Crosland had held six ministerial posts in nine years of Labor government since 1964, but he never reached the public eye until his last as foreign secretary. A fastidious man, both in personal habits and quality of mind he disliked the camaraderie that is so much a part of politics everywhere. He affected the nonchalant, heavy lidded, off-hand-fashion of a bright Oxford undergraduate - which he once was - concealing intense powers of concentration and ability to work. Unsurprisingly, he ran for almost every party office in the Labor movement and never won a single position.
The son of a senior civil servant, Crosland was born in London on Aug. 29, 1918. He gained a scholarship to Trinity College, Oxford before the war and flirted with politics on the extreme left. After Russia invaded Finland, he and another promising undergraduate, Roy Jenkins, now Common Market president, formed Oxford's Democratic Socialist Coub to distinguish themselves from the doctrinaire leftists.
Crosland was an intelligence officer with a parachute-regiment during the war.Later, he returned to Trinity, because president of the Oxcord Union, the debating society and spawning ground for dozens of Cabinet ministers, and graduated with high honors in philosophy, politics and economics.
He stayed on as a lecturer in economics for three years before winning a seat in Parliament in 1950. There he became a close ally of Hugh Gaitskell, the Labor politician who fought the left and became party leader before Harold Wilson.
Crosland married Susan Barnes Wetson, daughter to a Baltimore San correspondent, in 1964, more than a decade after he was divorced from his first wife, Hilary Anne Sarson, Mrs. Crosland is well known for her profiles of leading Britons that appear often in the London Sunday Times.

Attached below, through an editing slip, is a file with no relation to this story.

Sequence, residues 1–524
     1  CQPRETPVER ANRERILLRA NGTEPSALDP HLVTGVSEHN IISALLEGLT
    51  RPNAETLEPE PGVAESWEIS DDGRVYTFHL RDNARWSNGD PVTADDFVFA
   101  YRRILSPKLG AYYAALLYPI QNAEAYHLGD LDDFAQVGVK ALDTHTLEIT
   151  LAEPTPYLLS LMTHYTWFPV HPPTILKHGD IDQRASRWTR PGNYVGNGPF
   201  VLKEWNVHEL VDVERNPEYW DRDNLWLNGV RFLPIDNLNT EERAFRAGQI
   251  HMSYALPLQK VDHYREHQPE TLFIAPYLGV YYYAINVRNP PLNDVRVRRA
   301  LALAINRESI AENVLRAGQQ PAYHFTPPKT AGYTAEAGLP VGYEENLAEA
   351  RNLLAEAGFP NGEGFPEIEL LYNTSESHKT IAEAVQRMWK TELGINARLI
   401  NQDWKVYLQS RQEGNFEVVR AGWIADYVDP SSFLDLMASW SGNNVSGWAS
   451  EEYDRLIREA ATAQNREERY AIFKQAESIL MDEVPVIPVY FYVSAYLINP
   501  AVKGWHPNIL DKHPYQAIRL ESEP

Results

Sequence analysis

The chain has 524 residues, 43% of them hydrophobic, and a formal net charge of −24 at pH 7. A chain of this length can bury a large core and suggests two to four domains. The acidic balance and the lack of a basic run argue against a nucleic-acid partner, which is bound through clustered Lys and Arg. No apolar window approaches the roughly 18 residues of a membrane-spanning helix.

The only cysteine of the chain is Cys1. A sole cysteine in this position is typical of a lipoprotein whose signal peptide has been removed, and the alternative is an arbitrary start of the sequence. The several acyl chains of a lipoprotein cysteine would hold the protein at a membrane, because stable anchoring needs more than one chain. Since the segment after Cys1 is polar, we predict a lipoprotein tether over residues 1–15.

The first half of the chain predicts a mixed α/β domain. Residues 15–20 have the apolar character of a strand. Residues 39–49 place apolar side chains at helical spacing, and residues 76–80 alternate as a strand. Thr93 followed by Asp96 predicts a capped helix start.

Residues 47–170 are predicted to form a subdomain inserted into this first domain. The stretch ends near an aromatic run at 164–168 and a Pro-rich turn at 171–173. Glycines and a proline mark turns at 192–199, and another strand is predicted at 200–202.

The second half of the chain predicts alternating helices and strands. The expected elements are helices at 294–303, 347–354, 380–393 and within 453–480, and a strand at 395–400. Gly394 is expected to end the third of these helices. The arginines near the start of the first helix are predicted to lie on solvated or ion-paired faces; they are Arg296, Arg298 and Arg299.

Crosland's lasting achievement came while he was on the political sidelines from 1955 to 1958 with his crucial book on socialism's future. Crosland borrowed the theme first announced by A.A. Berle and Gardiner Means, the ownership no longer [WORD ILLEGIBLE] in a modern corporation, that the institution was controlled by self-perpetuating managers.
This meant, Crosland said, that socialists need not bother with owning or nationalizing industry. They could control corporate managers through other devices.
The book argued [WORD ILLEGIBLE] in favor of equality as a socialist goal and for a concern with the quality of life as well as the quantity of goods and services. Several years before J.K Galbraith wrote "The Affluent Society," Crosland contended that expanding public expenditures were needed to enlarge output, thereby making the redistribution of income easier and providing the amenities that enhanced life's quality.
Fittingly, Crosland was still arguing this thesis behind closed doors in his last important political act. In December, he fought vigorously inside the Cabinet against what he regarded as the madness of deflating a stagnant economy with high unemployment.
His colleagues agreed he won the intellectual argument hands down against Healy who put the contrary case on behalf of the International Monetary Fund and its key members, West Germany and the United States.
But in the end, Crosland yielded to a compromise, a modest, substantially cosmetic deflation. He said he gave in on political grounds because the Cabinet could not repuriate the pledges Callaghan gave Chancellor Helmut Schmidt and President Gerald Ford to win a big loan from the IMF.